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AFL-CIO and Partners Announce Far-Reaching Voter Rights Campaign

Veteran Gil Paar can't vote because his military ID doesn't count under Wisconsin law.

The AFL-CIO today announced a far-reaching, multi-partner campaign to register voters, ensure they can cast their ballots without intimidation and follow through to make sure those votes are counted. Speaking at a press conference here in Washington, D.C., AFL-CIO Executive Vice President Arlene Holt Baker said this campaign represents the union movement’s most aggressive push ever because:

the attacks we are seeing on the right to vote are unprecedented.

“Over the past several months, the AFL-CIO has been working with our affiliates to ensure that registered voters are able to cast their votes without intimidation and to ensure that their votes are counted,” Holt Baker said, with a focus on Pennsylvania, Florida, Ohio, Michigan, Wisconsin and Nevada. Some of those partners joined Holt Baker today, including NAACP President Ben Jealous, National Council of La Raza’s Clarissa Martinez-De-Castro and Generational Alliance’s Carmen Berkley.

AFL-CIO outreach will address such challenges registered voters face as inadequate election administration, lack of access to required photo ID and intimidation and dirty tricks on Election Day. The AFL-CIO website MyVoteMyRight.org offers a resource hub for voters, which includes state-by-state fact sheets on voting laws and voter registrations rules. The site offers a story feature that allows voters to submit their stories online to be gathered as a resource.

Voters such as Gil Paar. Parr served in the U.S. Air Force from 1962-1966, but his military ID isn’t good enough to let him vote in Wisconsin. New rules pushed through by the Republican-controlled legislature and championed by Gov. Scott Walker (R) limit the type of government identification acceptable to let him cast a ballot. Speaking at today’s press conference,  Paar said:

I've always used my military ID to vote and for a lot of other things, but now it’s not good enough for identification to vote? There are disabled vets who no longer have a license and won't be able to use their military IDs. What will happen to them? I didn’t serve my country for four years so I, or any other folks, could be denied the right to vote. Voting ID bills in Wisconsin and other states need to be stopped.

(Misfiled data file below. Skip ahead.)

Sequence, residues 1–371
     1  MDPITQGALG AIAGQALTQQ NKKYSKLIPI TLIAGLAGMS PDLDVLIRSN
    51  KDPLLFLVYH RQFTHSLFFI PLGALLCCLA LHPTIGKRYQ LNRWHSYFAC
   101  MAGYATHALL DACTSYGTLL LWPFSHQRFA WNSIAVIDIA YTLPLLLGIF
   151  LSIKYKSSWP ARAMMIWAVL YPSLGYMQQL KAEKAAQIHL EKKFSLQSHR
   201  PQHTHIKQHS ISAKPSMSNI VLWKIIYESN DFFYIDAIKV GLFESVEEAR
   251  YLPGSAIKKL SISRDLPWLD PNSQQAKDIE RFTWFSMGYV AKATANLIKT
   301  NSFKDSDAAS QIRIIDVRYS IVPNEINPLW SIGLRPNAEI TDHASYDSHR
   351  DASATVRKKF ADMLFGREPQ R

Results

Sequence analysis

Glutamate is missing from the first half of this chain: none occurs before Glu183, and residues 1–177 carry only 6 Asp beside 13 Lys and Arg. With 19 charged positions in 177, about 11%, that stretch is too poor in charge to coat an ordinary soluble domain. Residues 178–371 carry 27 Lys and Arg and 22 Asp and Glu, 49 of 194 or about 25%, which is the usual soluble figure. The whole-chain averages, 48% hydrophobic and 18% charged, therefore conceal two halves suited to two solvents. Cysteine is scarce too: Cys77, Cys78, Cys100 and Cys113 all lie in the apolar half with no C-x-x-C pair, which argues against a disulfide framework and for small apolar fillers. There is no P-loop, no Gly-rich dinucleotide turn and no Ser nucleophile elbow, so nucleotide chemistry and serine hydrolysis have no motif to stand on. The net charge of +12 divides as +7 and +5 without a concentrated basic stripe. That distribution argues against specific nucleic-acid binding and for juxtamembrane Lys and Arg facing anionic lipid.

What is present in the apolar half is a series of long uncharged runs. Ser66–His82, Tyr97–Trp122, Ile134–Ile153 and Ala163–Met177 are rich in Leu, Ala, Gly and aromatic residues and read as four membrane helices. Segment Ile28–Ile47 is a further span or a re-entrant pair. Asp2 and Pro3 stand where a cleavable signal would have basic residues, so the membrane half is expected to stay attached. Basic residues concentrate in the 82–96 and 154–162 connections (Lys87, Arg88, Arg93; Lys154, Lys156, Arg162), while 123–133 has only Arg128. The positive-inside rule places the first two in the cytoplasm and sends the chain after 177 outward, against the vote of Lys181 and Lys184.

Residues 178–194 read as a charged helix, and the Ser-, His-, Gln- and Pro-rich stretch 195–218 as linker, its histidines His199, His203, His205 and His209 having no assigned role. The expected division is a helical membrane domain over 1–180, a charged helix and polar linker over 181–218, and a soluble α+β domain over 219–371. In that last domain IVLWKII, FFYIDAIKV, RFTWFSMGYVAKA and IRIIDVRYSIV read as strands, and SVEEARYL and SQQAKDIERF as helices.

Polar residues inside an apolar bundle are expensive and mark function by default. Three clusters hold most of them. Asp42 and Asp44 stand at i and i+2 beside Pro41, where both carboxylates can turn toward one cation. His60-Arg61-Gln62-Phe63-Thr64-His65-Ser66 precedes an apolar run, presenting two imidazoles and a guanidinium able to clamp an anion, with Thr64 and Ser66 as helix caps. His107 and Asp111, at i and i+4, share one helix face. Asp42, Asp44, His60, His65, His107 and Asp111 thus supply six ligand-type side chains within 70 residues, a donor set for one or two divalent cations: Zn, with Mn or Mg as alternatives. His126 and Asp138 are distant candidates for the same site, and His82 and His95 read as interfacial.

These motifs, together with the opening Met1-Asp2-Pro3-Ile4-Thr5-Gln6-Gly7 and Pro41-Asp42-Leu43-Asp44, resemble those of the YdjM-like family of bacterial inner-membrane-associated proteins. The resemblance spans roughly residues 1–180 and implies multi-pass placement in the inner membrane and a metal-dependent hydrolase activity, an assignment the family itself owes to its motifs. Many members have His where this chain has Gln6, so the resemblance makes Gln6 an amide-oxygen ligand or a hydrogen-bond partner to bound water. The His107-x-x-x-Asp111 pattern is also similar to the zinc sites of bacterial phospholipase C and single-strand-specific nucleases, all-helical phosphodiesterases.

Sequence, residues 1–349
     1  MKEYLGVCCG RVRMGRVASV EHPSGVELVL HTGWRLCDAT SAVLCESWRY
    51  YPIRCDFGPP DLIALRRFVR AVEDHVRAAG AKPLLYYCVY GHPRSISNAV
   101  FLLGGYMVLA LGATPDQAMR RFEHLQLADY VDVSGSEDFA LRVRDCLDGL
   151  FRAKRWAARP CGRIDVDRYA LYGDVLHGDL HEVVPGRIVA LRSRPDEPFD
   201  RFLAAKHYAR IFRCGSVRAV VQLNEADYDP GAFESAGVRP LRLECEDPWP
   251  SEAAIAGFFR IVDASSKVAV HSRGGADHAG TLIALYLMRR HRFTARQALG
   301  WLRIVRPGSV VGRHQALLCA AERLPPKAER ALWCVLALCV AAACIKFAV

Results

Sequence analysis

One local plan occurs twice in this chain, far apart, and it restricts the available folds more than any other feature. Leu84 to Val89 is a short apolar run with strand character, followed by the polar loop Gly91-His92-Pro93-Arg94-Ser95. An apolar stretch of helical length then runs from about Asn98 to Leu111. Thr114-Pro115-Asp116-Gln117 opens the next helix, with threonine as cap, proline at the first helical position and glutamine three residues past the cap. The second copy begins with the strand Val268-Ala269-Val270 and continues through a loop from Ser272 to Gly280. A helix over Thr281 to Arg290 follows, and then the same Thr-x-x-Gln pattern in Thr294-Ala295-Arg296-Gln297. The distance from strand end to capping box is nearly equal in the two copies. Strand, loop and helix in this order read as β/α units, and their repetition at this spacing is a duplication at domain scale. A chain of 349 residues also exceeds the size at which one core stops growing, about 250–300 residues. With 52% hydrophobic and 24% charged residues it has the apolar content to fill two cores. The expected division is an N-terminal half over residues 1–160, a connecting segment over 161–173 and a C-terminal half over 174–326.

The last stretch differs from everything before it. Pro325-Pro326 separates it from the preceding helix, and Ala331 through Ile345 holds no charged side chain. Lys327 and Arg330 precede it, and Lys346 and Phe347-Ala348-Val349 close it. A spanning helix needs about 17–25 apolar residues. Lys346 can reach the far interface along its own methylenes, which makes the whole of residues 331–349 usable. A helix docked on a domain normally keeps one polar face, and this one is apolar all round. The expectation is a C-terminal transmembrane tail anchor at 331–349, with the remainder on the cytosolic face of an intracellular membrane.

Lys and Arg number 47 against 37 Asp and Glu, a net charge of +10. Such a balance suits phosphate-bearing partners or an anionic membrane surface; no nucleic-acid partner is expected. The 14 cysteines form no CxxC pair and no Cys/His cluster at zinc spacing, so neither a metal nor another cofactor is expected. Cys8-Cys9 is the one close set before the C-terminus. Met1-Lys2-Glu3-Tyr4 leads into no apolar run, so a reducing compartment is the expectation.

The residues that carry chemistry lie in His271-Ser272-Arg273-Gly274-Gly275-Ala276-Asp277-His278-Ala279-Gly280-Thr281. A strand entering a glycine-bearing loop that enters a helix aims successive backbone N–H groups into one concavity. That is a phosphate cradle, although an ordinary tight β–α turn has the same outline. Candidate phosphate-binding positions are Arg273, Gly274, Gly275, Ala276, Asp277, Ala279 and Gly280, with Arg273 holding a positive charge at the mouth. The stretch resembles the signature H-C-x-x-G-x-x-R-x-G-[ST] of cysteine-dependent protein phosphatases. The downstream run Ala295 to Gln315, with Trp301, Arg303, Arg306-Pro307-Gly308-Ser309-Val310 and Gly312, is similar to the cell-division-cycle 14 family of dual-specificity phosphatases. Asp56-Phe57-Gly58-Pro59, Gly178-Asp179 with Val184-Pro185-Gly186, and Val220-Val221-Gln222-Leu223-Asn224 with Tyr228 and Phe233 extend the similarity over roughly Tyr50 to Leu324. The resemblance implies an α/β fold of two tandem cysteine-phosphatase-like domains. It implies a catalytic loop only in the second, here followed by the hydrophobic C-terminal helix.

Wisconsin is one of 34 states where legislators introduced reasonable-sounding voter ID laws in the first few months of 2011 that would effectively disenfranchise more than 21 million eligible voters who don’t possess the kind of ID these laws mandate.

Saying the number of laws passed to restrict voting in the past 12 months exceeds any similar effort since the days of Reconstruction after the Civil War, Jealous summed up the situation bluntly: 

What we’re facing is a coordinated effort to block the vote.

If the right to vote wasn’t so important, said Martinez-De-Castro,

There wouldn’t be such a dogged effort to take it away.

By registering new voters, she said La Raza and other groups are “upholding the integrity of our electoral system.” 

But, more importantly, we’re upholding the core of our democracy.

With 16.8 million people turning 18 this year, Berkley said the Generational Alliance plans to register as many of them as possible, while combating laws that turn young people away from the polls because they are students with out-of-state ID or because they face other restrictions.

Holt Baker also said there are some 2.3 million active union members who are registered, and the AFL-CIO seeks to raise the overall union registration rate from 70 percent to 75 percent, which would add about 400,000 new union voters. As in years past, the AFL-CIO will continue to offer a voter hotline, 1-866-OUR-VOTE.

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